Perceptual Organization Form Perception Motion Perception Perceptual Constancy
Perceptual Interpretation Sensory Deprivation and
Restored Vision Perceptual Adaptation Perceptual Set Perception and Human
Is there Extrasensory Perception? Claims of ESP Premonitions or Pretensions Putting ESP to Experimental
The process of selecting, organizing, and interpreting sensory information, which
enables us to recognize meaningful objects and events.
Perceptions about objects change from moment to moment. We can perceive different forms of the Necker cube;
however, we can only pay attention to one aspect of the object at a time.
Inattentional blindness refers to the inability to see an object or a person
in our midst. Simmons & Chabris (1999) showed that half of the
observers failed to see the gorilla-suited assistant in a ball passing
Change blindness is a form of inattentional blindness in which two-thirds of individuals giving directions failed to notice a change in
the individual asking for directions.
© 1998 Psychonomic Society Inc. Image provided courtesy of Daniel J. Simmons.
Illusions provide good examples in understanding how perception is
organized. Studying faulty perception is as important as studying other
Line AB is longer than line BC.
In this picture, the vertical
dimension of the arch looks
longer than the horizontal
dimension. However, both
Illusion of a Worm
The figure on the right gives the illusion of a blue hazy “worm” when it is nothing else but blue lines identical to the figure on the left.
© 1981, by perm
ission of Christoph R
edies and L
othar Spillmann and Pion L
It takes a great deal of effort to perceive this figure in two dimensions.
ith kind permission of E
. Adapted from
. & R
ichards, W. Parts of recognition. C
ognition, 63, 29-78
When vision competes with our other senses, vision usually wins – a phenomena
called visual capture.
How do we form meaningful perceptions from sensory information?
We organize it. Gestalt psychologists showed that a figure formed a “whole”
different than its surroundings.
Organization of the visual field into objects (figures) that stand out from their
e Savings S
uggestion, © 2003 R
After distinguishing the figure from the ground, our perception needs to organize the figure into a meaningful form using
Grouping & Reality
Although grouping principles usually help us construct reality, they may occasionally lead us
Both photos by W
alter Wick. R
eprinted from G
1983 PCS G
Depth perception enables us to judge distances. Gibson and Walk (1960)
suggested that human infants (crawling age) have depth perception. Even newborn
animals show depth perception.
Retinal disparity: Images from the two eyes differ. Try looking at your two index fingers when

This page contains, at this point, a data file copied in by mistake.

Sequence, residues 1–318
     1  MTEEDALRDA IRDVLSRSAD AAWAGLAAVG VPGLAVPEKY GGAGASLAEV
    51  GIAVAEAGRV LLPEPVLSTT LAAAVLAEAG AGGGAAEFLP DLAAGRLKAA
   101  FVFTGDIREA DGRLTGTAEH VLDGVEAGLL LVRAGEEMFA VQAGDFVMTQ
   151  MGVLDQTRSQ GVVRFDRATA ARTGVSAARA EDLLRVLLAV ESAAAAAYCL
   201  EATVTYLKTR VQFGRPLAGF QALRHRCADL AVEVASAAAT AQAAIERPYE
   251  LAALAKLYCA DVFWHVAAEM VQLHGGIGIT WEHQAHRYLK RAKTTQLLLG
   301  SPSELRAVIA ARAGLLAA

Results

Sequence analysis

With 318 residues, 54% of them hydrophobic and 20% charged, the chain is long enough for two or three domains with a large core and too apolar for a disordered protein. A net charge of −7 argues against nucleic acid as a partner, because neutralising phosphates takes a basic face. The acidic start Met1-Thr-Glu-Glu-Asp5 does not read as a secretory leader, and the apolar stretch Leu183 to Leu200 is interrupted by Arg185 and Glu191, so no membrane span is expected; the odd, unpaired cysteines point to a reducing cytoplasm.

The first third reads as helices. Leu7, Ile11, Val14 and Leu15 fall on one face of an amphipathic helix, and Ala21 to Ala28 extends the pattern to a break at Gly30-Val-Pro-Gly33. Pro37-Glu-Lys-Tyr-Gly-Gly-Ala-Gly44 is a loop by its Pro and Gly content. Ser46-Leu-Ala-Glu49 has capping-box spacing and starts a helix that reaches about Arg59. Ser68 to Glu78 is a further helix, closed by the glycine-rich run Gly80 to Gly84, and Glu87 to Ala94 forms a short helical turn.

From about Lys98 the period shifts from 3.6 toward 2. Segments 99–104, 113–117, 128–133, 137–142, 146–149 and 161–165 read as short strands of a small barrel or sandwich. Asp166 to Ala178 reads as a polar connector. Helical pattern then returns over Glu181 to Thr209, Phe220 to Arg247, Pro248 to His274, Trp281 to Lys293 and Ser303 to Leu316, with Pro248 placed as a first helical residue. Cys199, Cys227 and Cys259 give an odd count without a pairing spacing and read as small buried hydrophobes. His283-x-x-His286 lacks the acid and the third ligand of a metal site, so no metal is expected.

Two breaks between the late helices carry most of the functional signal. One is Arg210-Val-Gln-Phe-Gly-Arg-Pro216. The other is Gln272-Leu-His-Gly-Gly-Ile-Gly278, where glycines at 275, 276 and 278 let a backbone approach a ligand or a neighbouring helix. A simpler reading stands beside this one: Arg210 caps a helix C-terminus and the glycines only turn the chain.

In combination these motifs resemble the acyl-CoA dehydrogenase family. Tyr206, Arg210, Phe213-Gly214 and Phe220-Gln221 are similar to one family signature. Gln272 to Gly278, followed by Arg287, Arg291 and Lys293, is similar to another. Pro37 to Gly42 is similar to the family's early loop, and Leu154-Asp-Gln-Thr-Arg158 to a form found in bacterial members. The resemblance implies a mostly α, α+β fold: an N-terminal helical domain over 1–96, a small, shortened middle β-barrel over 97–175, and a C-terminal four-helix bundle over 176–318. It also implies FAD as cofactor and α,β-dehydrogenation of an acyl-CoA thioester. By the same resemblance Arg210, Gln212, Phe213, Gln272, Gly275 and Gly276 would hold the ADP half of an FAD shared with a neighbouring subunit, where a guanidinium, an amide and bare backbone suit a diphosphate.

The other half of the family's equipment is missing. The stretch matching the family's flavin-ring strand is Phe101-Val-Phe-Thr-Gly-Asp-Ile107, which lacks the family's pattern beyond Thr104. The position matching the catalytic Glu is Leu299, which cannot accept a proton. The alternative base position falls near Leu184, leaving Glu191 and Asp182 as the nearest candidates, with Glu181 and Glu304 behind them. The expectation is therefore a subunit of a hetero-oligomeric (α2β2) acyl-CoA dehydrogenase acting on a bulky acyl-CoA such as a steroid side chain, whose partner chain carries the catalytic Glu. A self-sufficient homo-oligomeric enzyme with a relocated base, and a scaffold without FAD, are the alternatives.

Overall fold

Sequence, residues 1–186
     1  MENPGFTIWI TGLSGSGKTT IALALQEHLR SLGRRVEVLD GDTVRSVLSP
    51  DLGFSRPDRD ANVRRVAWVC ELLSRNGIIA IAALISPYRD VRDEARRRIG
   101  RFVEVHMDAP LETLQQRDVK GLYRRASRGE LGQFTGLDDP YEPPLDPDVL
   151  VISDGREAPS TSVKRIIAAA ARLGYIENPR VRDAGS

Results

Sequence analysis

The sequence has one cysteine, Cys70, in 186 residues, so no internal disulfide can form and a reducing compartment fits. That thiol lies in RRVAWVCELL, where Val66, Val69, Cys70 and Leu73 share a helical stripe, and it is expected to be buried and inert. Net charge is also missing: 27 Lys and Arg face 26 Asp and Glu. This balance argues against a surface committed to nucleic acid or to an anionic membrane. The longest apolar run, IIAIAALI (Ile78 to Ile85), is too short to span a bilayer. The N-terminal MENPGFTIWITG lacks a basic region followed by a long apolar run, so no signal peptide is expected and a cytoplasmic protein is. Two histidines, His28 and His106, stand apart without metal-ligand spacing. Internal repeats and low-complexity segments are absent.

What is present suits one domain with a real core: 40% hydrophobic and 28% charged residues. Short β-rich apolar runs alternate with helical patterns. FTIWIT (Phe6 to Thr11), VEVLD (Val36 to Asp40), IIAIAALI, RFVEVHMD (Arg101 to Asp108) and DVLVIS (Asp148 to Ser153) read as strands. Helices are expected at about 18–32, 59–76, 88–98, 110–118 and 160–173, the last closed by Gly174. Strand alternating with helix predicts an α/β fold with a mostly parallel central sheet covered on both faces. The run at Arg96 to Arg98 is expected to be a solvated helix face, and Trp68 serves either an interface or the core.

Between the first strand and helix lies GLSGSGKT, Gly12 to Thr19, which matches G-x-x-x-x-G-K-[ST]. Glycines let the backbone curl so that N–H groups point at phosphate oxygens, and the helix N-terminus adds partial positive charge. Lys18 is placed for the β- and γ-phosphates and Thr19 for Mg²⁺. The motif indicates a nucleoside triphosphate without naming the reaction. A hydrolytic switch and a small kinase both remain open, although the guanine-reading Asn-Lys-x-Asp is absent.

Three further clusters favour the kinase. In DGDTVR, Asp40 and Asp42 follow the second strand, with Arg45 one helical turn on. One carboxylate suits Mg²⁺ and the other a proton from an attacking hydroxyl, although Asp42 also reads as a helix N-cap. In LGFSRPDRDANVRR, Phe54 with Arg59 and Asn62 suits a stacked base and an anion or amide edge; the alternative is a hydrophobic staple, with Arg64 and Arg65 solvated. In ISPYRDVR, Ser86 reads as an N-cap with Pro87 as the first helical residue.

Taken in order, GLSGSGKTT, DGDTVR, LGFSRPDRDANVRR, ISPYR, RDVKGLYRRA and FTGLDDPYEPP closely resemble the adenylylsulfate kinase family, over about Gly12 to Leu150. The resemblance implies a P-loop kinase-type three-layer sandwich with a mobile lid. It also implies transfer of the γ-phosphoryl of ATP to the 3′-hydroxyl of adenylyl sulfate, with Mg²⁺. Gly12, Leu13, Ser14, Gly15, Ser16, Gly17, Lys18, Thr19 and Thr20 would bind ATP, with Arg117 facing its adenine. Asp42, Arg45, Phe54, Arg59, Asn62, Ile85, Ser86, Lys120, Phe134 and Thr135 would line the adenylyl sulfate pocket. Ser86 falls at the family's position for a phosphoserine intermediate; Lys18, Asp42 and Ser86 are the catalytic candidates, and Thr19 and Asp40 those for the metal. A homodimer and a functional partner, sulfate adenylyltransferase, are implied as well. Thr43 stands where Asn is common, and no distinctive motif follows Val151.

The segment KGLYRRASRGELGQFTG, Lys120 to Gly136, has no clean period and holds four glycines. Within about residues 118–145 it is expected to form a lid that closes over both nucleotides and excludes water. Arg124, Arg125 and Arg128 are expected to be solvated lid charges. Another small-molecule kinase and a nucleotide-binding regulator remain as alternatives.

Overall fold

pointing them towards each other half an inch apart and about 5 inches directly in front of your eyes. You will see a “finger sausage” as shown in
Convergence: Neuromuscular cues. When two eyes move inward (towards the nose)
to see near objects and outward (away from the nose) to see faraway objects.
Relative Size: If two objects are similar in size, we perceive the one that casts a
smaller retinal image to be farther away.
Interposition: Objects that occlude (block) other objects tend to be perceived as closer.
agritte, The Blank Signature, oil on canvas,
allery of Art, W
ashington. Collection of
Mr. and M
rs. Paul Mellon. Photo by R
Relative Clarity: Because light from distant objects passes through more light than
closer objects, we perceive hazy objects to be farther away than those objects that
appear sharp and clear.
Texture Gradient: Indistinct (fine) texture signals an increasing distance.
ric Lessing/ A
rt Resource, N
Relative Height: We perceive objects that are higher in our field of vision to be farther away than
those that are lower.
Image courtesy of S
haun P. Vecera, P
adapted from stim
uli that appered in Vecrera et al., 2002
Relative motion: Objects closer to a fixation point move faster and in opposing direction to those objects that are farther away from a fixation point, moving slower and in the
Linear Perspective: Parallel lines, such as railroad tracks, appear to converge in the distance. The more the lines converge, the
greater their perceived distance.
ollection, 2002, Jack Ziegler
. All rights reserved.
Light and Shadow: Nearby objects reflect more light into our eyes than more distant objects. Given two identical objects, the dimmer one appears to
be farther away.
Shading” by V
achandran. © 1988 by S
erican, Inc. A
ll rights reserved.
Motion Perception: Objects traveling towards us grow in size and those
moving away shrink in size. The same is true when the observer moves to or
from an object.
Phi Phenomenon: When lights flash at a certain speed they tend to present illusions of motion. Neon signs use this principle to
create motion perception.
Two lights flashing one after the other.One light jumping from one point to another: Illusion of motion.
Perceiving objects as unchanging even as illumination and retinal images change.
Perceptual constancies include constancies of shape and size.
Stable size perception amid changing size of the stimuli.
The distant monster (below, left) and the top red bar (below, right) appear bigger
because of distance cues.
From Shepard, 1990
hoisnet/ The Im
Both girls in the room are of similar height. However, we perceive them to be of different heights as they stand in the
two corners of the room.
Both photos from S. Schwartzenberg/ The Exploratorium
The Ames room is designed to demonstrate the size-distance illusion.
The color and brightness of square A and B are the same.
Perceiving familiar objects as having consistent color even when changing
illumination filters the light reflected by the object.